STATES CHRONICLE – Scientists who have lately analyzed the behavior of dogs were able to establish that these amazing animals have a every good memory, being more developed than we had expected. On November 23, the new study was published in the Current Biology magazine. The new research collected data that proved dogs can remember things without being instructed to do it.
Based on the data revealed by the scientists from MTA-ELTE Comparative Ethology Research Group and Eotvos Lorand University, episodic-like memory is a part of our brain which was also discovered in dogs’ brain. Thus, our pets are capable of constructing their memories.
For us, episodic memory allows us to remember specific things which happened in specific places at a particular time. This involves self-awareness, being conscious of our facts and the events we have participated in. Claudia Fugazza, who is the lead author of the research, has claimed that our episodic memory was bonded to our characteristic which implies self-awareness. Scientists did not prove that dogs are self-aware, but they called their memory episodic-like memory.
To develop the study, experts have tested 17 dogs by using the technique which challenges animals to repeat the actions of their owners. This training method was meant to train dogs to imitate the actions of a person.
Firstly, a dog was witnessing a variety of activities being developed by its owner. After this, the trainer asked the dog to repeat the same sequence of actions by giving it the command “do it!”. However, scientists have agreed to add one more stage to the research. After the pet had laid down on the mat as a sign it understood the command; the owner performed an entirely new action which was not presented to the dog before. For example, the trainer touched an umbrella.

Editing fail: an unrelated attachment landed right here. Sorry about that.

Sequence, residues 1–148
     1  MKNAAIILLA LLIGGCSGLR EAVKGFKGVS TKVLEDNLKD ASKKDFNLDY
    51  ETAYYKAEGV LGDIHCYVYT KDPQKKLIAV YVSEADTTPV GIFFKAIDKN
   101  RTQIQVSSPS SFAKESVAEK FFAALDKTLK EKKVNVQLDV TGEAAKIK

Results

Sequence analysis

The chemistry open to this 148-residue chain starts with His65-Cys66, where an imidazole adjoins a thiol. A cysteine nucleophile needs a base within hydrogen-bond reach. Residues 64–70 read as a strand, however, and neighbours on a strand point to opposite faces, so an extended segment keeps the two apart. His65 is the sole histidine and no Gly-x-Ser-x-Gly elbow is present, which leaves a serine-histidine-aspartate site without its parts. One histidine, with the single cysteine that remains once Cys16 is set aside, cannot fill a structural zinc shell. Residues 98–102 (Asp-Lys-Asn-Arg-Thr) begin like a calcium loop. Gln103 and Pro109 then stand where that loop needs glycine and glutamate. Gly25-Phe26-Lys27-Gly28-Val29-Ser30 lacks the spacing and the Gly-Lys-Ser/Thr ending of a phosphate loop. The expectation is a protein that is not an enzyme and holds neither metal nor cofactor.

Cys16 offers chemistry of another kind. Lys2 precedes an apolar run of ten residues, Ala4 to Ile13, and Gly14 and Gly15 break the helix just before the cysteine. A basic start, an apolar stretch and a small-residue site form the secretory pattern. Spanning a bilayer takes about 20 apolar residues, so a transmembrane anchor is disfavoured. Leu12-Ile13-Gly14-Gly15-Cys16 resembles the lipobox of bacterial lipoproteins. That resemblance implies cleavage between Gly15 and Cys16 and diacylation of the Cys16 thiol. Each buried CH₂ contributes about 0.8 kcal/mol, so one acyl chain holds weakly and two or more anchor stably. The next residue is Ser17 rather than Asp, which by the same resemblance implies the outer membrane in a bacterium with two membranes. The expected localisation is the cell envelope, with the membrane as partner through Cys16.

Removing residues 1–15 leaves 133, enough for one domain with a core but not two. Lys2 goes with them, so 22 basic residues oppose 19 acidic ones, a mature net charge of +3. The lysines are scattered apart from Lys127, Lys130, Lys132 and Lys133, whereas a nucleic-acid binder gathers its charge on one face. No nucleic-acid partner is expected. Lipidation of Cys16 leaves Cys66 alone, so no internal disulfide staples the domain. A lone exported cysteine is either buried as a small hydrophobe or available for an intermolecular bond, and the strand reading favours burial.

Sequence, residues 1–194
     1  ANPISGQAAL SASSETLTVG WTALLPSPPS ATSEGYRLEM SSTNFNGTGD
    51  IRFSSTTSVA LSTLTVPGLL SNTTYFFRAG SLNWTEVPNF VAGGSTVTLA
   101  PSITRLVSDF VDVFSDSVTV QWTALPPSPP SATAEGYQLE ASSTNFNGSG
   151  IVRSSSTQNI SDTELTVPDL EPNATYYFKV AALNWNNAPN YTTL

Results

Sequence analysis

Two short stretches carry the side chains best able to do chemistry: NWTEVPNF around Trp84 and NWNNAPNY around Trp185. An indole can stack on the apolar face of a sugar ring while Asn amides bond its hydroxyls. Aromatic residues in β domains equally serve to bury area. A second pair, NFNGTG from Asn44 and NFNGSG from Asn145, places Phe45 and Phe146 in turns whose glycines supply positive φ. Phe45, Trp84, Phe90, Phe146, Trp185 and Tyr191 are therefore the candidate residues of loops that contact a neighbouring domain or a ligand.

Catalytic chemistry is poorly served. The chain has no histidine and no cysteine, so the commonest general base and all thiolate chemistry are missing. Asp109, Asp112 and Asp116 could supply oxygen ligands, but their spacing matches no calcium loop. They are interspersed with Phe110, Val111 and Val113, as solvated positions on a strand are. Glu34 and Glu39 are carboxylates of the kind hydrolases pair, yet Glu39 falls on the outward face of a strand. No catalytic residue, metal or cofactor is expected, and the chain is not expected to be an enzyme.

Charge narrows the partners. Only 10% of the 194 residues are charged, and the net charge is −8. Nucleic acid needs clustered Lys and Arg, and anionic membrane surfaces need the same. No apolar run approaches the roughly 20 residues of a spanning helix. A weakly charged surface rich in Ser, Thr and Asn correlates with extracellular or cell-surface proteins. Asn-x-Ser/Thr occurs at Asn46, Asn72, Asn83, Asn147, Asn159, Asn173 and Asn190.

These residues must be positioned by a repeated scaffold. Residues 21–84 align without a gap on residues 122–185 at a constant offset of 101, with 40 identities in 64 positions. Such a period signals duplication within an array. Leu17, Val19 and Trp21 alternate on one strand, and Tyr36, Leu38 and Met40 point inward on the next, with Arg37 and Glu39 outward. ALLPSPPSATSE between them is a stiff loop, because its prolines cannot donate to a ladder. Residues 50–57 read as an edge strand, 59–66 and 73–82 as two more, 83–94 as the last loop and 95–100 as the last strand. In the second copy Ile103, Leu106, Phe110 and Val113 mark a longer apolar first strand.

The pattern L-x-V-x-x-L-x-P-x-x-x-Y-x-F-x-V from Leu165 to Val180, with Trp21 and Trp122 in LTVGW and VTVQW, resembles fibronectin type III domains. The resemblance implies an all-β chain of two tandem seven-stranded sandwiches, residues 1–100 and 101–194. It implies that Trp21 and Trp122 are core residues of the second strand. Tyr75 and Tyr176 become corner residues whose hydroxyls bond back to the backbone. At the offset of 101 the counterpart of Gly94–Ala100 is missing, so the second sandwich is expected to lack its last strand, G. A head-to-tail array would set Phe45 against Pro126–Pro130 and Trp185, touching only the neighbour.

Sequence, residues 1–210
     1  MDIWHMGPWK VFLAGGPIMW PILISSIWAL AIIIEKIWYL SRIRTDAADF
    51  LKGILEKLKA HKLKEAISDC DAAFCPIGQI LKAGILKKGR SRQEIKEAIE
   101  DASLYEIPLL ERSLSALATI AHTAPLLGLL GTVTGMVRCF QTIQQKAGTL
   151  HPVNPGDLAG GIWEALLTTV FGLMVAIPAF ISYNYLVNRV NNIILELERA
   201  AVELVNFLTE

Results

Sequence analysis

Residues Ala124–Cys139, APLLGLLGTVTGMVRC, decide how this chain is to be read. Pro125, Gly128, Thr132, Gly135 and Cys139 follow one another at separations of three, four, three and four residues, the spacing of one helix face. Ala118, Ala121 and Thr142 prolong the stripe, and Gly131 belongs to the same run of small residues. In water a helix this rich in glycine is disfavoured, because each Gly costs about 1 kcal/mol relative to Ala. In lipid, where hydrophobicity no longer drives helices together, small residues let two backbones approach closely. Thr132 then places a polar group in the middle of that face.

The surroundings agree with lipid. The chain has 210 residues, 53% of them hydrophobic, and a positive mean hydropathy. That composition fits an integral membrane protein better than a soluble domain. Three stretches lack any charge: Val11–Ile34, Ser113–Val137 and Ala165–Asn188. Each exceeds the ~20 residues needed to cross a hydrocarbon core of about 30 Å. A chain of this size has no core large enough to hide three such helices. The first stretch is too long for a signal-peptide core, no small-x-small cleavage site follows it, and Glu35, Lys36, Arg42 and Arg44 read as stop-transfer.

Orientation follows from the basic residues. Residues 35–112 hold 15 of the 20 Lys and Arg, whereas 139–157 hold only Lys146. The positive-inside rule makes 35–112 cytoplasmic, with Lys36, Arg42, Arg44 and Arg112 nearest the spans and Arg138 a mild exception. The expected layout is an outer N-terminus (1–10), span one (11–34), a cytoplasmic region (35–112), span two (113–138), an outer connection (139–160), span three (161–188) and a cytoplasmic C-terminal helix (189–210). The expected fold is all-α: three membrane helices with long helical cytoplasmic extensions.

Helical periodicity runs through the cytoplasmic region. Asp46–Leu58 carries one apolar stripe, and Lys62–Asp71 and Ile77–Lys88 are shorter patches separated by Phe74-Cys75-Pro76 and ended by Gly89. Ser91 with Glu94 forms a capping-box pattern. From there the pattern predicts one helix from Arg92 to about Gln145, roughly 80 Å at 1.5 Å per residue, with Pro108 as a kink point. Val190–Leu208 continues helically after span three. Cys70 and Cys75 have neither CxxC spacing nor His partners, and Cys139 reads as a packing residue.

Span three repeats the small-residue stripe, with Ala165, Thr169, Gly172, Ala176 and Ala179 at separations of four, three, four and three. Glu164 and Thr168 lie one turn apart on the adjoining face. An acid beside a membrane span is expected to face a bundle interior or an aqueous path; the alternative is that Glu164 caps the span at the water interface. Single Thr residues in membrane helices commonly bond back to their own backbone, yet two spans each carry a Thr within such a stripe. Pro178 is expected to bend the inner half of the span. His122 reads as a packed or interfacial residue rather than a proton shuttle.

To test the memory of the dog regarding the last action, the trainer took the umbrella away from the visual field of the dog, helping at its distraction. Previously, the dog was taught to lie on the mat when it received the command “do it!”. Now, after seeing the trick with the umbrella, when the dog heard “do it!” again, he went to touch the umbrella.
The conclusion is that dogs can remember some things on which he was not concentrated upon. The umbrella trick represented an “incidental encoding” which helped the dog perform the actions of the owner, without being instructed to remember that action.
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